Volpone is the play’s central figure. He is an old, rich, childless Italian gentleman with no heir his fortune, and he values wealth above all else. His name means sly fox, which is a perfect… read analysis of Volpone
Mosca’s name means fly, and like a fly, Mosca buzzes around whispering in the ears of all the other characters in the play. He is Volpone’s parasite, meaning hanger-on, and he makes his living… read analysis of Mosca
Voltore means “vulture,” and, true to his name, Voltore is one of the Italian men lurking around Volpone’s deathbed hoping to inherit his wealth. He is a well-spoken lawyer, and Mosca praises him disingenuously… read analysis of Voltore
Corbaccio’s name means “raven.” Another bird of prey figure, he is a doddering old man who, like Voltore and Corvino, hopes to be named Volpone’s heir. Corbaccio doesn’t hear well, and he is… read analysis of Corbaccio
Corvino, whose name means “crow,” is the final ‘bird’ hoping to inherit Volpone’s wealth. He is a merchant, and he is both greedy and controlling to an extreme. He’s cruel to his wife Celia… read analysis of Corvino
Celia is Corvino’s wife and her name means “heaven.” She is innocent, good, and religious, and she’s faithful to Corvino despite his suspicious. When Volpone tries to rape her she resists, and in court… read analysis of Celia
Sir Politic Would-be
Sir Politic Would-be is an English knight, but he only gained his knighthood at a time when the English throne sold knighthoods out to make money. As an English traveler in Venice, he has been… read analysis of Sir Politic Would-be
Lady Would-be is Sir Politic’s wife. In contrast to Celia, who is confined to her home, Lady Would-be is given a lot of freedom, roaming Venice freely. Lady Would-be also contrasts with the… read analysis of Lady Would-be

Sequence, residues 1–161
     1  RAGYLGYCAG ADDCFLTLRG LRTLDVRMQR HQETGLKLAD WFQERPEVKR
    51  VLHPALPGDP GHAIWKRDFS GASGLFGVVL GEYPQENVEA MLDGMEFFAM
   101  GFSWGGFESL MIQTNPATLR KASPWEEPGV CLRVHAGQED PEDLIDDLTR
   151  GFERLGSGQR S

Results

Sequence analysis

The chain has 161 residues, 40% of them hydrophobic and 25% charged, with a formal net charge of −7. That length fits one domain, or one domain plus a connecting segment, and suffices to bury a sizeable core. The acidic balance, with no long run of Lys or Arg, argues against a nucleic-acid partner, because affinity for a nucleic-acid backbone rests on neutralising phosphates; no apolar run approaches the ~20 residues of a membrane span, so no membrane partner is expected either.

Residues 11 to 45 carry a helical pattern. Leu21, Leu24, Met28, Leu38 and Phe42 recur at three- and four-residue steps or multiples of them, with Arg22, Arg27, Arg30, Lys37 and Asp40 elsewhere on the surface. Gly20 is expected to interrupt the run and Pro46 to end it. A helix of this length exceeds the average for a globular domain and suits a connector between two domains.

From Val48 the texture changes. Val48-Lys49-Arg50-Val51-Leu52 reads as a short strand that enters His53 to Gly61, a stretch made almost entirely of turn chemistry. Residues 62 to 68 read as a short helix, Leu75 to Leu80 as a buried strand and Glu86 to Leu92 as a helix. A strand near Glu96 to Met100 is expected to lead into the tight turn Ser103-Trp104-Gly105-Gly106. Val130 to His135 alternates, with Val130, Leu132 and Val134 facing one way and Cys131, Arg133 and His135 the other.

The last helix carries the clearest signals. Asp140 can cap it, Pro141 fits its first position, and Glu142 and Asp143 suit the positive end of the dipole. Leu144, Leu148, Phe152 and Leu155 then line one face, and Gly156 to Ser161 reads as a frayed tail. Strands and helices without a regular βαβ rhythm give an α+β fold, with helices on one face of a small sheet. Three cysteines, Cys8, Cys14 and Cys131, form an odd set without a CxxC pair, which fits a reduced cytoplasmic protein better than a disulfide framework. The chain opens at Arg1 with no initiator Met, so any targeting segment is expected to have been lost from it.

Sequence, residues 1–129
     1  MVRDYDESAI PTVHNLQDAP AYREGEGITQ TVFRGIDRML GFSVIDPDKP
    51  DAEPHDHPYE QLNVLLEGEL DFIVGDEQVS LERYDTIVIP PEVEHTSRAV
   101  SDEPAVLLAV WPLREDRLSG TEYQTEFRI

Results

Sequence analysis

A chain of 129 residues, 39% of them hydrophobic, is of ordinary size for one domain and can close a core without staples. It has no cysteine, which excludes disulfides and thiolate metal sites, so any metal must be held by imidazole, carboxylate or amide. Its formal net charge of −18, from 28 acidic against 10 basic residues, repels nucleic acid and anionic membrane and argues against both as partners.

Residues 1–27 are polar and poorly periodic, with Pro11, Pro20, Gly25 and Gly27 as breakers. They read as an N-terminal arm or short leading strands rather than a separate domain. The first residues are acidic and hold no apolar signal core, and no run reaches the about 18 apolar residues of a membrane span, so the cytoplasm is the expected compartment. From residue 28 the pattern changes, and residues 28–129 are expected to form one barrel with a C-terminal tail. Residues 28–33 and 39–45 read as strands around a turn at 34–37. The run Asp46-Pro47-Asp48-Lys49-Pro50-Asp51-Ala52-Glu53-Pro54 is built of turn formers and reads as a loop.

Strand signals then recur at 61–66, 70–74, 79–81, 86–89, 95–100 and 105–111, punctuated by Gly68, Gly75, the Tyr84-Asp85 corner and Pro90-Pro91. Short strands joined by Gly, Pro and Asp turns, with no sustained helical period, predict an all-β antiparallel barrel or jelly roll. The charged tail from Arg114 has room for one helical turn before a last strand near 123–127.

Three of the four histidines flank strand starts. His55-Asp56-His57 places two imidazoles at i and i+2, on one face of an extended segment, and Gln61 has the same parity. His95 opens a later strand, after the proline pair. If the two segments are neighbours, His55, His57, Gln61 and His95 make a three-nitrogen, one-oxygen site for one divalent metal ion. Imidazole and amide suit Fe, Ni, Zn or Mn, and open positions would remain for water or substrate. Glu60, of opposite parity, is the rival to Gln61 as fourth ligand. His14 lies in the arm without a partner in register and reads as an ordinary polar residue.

Peregrine’s name means “traveler,” and he is another English traveler abroad, a counterpoint to Sir Politic Would-be. Sir Politic offers to help Peregrine learn the ways of Venice and avoid corruption, and Peregrine agrees… read analysis of Peregrine
Nano’s name means “dwarf” in Italian, which is fitting, since Nano is a dwarf. He, along with Androgyno and Castrone, is a servant and fool (jester) to Volpone.
Androgyno means “hermaphrodite” in Italian. Like Nano and Castrone, Androgyno is a companion and entertainer to Volpone.
Castrone’s name means “eunuch” in Italian. Like Nano and Androgyno, Castrone is a companion to Volpone, but he has very few spoken lines in the play.
A servant to Corvino.
Several serving women, attendant on Lady Would-be.
Four magistrates presiding in the court in Venice.
The court recorder.
Officers in Venice.
Three merchants, used by Peregrine in a prank against Sir Politic Would-be.
Mob / Crowd / Grege
A mob, members of a crowd.
Stone the Fool
A dead English fool who does not appear in the play. Sir Politic Would-be thinks he was a spy.